Leonard Baskin

Baskin was born in New Brunswick, New Jersey. While he was a student at Yale University, he founded Gehenna Press, a small private press specializing in fine book production. From 1953 until 1974, he taught printmaking and sculpture at Smith College in Northampton, Massachusetts. Subsequently Baskin also taught at Hampshire College in Amherst, Massachusetts. He lived most of his life in the U.S., but spent nine years in Devon at Lurley Manor, Lurley, near Tiverton, close to his friend Ted Hughes, for whom he illustrated Crow. Sylvia Plath dedicated "Sculptor" to Leonard Baskin in her famous work, The Colossus and Other Poems (1960). His public commissions include a bas relief for the Franklin Delano Roosevelt Memorial and a bronze statue of a seated figure, erected in 1994 for the Holocaust Memorial in Ann Arbor, Michigan. His works are owned by many major museums including the Metropolitan Museum of Art, the Museum of Fine Arts, Boston, the Museum of Modern Art, the Art Institute of Chicago, the Boca Raton Museum of Art, the British Museum, the Honolulu Museum of Art, the Udinotti Museum of Figurative Art and the Vatican Museums. The archive of his work at the Gehenna Press was acquired by the Bodleian Library at Oxford, England, in 2009. The McMaster Museum of Art in Hamilton, Ontario owns over 200 of his works, most of which were donated by his brother Rabbi Bernard Baskin. Baskin taught at Smith College in Northampton, Massachusetts, from 1953 to 1974. In 1955, he was one of eleven New York artists featured in the opening exhibition at the Terrain Gallery. In 1966 he was featured in the documentary, "Images of Leonard Baskin" by American filmmaker Warren Forma. Leonard Baskin was a first cousin of American modern dancer and choreographer Sophie Maslow. He died at age 77 on June 3, 2000, in Northampton, where he resided. The Art Institute of Portland has a memorial to him.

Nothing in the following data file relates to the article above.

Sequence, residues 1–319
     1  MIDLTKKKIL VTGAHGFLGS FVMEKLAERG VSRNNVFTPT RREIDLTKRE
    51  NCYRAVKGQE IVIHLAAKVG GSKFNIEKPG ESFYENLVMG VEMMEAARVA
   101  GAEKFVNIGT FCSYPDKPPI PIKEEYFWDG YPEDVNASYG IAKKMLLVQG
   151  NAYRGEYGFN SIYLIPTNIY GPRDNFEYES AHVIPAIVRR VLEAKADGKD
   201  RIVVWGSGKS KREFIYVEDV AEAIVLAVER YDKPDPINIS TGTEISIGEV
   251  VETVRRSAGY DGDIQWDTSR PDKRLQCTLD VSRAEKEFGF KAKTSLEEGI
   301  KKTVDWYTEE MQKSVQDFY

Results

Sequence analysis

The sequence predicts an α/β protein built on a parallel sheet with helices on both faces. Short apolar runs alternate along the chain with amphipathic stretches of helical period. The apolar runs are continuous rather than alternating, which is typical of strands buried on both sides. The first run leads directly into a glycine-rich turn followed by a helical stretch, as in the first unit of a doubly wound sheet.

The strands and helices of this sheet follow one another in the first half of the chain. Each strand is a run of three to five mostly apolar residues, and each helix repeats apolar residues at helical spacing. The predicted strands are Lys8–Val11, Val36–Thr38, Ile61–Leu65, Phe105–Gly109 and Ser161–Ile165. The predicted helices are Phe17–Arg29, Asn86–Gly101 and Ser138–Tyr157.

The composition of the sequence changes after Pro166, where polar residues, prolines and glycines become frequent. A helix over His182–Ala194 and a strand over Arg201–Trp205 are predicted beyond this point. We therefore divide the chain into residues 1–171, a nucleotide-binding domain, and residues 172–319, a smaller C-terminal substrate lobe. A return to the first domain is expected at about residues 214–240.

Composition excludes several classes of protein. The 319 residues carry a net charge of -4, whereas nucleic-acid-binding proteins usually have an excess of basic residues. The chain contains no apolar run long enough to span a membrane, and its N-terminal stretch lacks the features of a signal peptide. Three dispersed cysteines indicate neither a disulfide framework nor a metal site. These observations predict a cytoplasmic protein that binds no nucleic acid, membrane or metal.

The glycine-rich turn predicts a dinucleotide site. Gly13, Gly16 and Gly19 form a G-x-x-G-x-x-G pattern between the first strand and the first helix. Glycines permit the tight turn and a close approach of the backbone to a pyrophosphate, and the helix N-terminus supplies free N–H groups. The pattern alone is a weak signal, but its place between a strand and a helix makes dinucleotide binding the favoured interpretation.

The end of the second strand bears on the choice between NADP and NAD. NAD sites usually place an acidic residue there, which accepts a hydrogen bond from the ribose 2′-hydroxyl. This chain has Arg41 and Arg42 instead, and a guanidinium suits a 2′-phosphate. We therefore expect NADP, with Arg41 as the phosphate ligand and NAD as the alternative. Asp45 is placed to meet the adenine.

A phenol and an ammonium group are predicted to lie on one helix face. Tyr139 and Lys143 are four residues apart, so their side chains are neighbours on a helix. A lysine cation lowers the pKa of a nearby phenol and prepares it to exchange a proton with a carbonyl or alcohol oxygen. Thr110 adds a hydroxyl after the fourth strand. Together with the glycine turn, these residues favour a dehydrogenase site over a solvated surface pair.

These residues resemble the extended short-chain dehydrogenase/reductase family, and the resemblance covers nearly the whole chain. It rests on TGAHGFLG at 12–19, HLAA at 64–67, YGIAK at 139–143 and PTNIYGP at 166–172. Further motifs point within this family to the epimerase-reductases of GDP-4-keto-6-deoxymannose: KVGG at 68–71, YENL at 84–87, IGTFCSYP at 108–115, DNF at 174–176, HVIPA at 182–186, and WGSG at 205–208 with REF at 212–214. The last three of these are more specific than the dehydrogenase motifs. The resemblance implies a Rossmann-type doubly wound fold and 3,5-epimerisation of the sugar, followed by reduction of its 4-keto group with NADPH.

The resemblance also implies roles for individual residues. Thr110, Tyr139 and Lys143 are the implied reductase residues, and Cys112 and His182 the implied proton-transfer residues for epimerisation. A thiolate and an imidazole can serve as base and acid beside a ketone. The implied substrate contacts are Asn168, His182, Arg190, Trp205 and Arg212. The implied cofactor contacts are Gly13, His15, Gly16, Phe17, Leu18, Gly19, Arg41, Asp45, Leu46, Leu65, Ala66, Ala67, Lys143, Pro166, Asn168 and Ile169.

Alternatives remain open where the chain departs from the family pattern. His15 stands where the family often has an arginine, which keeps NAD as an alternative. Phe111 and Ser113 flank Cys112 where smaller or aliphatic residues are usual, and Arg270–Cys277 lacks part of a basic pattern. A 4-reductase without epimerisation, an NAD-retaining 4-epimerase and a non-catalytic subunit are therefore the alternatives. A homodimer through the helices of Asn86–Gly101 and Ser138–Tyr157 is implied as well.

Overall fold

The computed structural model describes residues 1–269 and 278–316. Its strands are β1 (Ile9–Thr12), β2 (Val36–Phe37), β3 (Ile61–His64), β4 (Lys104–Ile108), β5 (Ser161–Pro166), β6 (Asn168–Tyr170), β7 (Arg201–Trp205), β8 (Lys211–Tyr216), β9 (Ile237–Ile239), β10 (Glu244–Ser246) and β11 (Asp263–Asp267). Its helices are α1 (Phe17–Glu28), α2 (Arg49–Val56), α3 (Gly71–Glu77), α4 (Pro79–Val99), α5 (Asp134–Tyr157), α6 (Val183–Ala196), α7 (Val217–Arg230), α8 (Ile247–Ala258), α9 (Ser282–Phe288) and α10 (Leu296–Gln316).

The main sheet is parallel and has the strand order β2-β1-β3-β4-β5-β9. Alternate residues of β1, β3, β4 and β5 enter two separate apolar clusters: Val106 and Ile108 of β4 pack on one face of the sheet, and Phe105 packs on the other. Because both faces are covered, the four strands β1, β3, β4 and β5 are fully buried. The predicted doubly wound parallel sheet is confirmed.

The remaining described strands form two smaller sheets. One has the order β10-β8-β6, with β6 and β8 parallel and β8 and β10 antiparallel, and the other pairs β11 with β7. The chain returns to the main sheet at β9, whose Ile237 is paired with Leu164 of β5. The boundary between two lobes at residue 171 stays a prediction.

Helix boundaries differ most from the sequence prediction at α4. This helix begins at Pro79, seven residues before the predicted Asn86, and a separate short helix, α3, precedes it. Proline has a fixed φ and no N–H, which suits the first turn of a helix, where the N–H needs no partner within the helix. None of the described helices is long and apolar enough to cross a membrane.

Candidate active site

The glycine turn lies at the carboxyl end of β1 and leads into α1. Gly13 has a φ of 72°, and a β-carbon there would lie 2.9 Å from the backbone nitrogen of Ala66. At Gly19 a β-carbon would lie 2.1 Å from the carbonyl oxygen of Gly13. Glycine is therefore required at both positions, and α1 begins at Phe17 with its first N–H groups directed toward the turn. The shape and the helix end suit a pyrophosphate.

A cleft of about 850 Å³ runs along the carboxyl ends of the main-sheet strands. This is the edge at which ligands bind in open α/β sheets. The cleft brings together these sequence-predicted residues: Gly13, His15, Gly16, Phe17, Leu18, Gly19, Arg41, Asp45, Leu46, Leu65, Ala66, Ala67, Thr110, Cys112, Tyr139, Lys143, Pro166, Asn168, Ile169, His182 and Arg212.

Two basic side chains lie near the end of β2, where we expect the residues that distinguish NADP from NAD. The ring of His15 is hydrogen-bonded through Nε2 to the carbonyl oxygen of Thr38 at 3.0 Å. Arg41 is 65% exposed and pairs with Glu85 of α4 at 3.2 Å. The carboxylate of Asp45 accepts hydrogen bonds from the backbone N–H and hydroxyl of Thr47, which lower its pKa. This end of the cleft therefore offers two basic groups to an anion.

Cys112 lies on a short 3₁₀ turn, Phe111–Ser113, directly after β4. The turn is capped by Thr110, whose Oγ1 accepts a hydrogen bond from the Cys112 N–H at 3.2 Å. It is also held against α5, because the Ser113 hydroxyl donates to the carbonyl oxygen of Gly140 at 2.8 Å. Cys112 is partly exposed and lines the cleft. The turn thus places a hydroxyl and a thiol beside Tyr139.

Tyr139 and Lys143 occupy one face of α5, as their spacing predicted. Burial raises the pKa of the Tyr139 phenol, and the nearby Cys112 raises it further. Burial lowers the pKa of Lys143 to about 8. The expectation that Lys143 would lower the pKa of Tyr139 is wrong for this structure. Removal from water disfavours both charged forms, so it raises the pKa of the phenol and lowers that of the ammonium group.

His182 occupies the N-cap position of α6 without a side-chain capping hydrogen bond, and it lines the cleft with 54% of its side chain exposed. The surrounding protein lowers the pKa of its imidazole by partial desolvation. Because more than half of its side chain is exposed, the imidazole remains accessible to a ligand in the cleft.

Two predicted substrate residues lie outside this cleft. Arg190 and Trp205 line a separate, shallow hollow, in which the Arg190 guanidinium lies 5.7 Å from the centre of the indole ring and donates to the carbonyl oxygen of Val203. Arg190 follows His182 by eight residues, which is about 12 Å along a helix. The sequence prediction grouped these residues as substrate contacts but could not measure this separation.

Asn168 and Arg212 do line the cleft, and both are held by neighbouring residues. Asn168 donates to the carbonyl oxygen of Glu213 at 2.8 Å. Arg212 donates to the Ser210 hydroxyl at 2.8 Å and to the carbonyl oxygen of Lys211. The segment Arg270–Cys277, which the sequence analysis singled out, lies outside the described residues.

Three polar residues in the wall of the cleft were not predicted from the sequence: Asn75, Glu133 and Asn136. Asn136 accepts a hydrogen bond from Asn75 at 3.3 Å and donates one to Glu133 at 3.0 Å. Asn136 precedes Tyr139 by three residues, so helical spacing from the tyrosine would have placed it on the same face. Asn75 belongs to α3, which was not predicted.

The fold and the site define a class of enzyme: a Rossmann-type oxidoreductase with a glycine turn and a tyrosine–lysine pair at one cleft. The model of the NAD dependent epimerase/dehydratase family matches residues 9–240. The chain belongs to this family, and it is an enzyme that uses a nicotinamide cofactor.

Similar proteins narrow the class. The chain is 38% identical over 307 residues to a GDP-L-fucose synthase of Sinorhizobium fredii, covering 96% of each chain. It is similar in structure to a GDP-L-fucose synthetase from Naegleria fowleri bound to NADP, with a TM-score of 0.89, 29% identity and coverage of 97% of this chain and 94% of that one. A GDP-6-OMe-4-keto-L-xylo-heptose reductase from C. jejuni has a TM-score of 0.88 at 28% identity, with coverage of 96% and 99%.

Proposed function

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Title: Owl
Artist: Leonard Baskin
Baskin forms a narrative that cycles around subjective constants: local and ancient mythologies, animal and figural depiction, folk-like engendering and interpretation. The owl of this woodcut finds a gnarled, elongated form from the artist’s hand, a depth of focus put into the roots and curls of the talons, whilst the prevalent wise wide eyes—and the entirety of the head itself—are almost entirely obscured in an impressionist flurry of stroke and feather. Original done for Anne Ratner Fern 453
Title: Owl-Wood Block and Impression
Artist: Leonard Baskin
Baskin forms a narrative that cycles around subjective constants: local and ancient mythologies, animal and figural depiction, folk-like engendering and interpretation. The owl of this woodcut finds a gnarled, elongated form from the artist’s hand, a depth of focus put into the roots and curls of the talons, whilst the prevalent wise wide eyes—and the entirety of the head itself—are almost entirely obscured in an impressionist flurry of stroke and feather.